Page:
Many philosophers are convinced that rationality dictates that one’s overall set of intentions be consistent. The starting point and inspiration for our study is Bratman’s planning theory of intentions. According to this theory, one needs to appeal to the fulfilment of characteristic planning roles to justify norms that apply to our intentions. Our main objective is to demonstrate that one can be rational despite having mutually inconsistent intentions. Conversely, it is also shown that one can be irrational despite having a consistent overall set of intentions. To overcome this paradox, we argue that it is essential for a successful planning system that one’s intentions are practically consistent rather than being consistent or applying an aggregation procedure. Our arguments suggest that a new type of norm is needed: whereas the consistency requirement focuses on rendering the contents of one’s intentions consistent, our new practical consistency requirement demands that one’s intentions be able to simultaneously and unconditionally guide one’s action. We observe that for intentions that conform to the ‘own-action condition’, the practical consistency requirement is equivalent to the traditional consistency requirement. This implies that the consistency requirement only needs to be amended in scenarios of choice under uncertainty.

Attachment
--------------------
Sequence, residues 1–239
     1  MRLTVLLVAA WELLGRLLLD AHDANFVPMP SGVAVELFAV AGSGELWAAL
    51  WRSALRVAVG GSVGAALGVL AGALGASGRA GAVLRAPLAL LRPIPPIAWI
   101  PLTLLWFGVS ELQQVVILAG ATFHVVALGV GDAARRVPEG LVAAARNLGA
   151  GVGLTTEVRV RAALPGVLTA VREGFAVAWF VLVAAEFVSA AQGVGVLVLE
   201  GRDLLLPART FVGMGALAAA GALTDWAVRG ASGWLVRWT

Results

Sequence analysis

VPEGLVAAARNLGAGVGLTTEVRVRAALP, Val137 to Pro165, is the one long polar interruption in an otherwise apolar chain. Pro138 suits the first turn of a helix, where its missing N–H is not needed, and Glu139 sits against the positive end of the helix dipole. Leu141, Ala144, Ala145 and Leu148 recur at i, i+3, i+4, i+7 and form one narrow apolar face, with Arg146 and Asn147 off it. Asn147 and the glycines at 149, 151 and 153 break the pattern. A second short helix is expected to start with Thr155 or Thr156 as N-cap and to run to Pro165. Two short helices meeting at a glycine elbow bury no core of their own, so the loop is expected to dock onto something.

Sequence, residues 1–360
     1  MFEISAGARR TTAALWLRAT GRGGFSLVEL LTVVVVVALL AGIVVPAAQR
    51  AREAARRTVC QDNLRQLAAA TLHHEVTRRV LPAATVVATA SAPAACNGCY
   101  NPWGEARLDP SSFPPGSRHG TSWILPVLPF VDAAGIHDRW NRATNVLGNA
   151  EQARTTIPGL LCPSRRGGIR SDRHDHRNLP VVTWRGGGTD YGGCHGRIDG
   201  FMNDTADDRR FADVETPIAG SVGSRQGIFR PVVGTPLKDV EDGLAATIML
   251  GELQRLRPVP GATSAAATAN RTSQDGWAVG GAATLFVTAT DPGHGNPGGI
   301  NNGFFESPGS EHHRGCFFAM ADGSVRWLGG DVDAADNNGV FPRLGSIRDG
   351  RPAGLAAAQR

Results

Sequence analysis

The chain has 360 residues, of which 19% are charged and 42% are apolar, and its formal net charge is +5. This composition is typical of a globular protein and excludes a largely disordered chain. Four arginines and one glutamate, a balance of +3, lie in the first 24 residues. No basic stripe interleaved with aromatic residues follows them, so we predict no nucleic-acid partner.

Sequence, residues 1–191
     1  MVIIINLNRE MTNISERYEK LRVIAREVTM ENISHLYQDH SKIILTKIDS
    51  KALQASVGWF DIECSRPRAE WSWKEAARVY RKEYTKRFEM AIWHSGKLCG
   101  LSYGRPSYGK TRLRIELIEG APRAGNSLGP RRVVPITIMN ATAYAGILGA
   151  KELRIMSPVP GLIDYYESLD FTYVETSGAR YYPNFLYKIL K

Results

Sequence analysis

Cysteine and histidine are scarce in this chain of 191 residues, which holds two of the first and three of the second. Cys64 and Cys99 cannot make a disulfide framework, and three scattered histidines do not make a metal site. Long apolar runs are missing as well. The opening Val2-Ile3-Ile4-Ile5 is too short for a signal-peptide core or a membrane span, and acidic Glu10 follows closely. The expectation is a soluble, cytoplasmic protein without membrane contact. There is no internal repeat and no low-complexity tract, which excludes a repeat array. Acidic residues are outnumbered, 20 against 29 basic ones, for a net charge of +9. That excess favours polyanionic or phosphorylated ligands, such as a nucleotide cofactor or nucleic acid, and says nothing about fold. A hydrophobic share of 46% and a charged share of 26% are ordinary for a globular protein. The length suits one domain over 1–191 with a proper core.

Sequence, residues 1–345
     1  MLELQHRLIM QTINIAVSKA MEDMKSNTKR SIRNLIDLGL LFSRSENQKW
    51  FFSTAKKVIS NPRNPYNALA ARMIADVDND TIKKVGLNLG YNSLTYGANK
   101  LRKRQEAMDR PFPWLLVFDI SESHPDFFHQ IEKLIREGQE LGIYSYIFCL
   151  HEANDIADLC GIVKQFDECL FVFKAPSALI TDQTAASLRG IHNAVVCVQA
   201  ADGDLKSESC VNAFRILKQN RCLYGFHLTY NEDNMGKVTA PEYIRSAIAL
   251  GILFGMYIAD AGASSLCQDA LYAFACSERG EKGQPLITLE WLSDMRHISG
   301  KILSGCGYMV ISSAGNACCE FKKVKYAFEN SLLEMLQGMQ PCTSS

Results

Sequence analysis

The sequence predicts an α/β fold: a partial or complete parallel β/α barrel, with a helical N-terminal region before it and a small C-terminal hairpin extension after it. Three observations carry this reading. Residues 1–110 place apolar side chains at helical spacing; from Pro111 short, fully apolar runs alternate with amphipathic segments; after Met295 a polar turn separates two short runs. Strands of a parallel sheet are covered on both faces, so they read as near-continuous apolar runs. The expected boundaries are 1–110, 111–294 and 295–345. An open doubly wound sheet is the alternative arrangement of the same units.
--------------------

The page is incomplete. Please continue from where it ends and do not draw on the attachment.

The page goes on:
- Consistency requirements
- Norms of rationality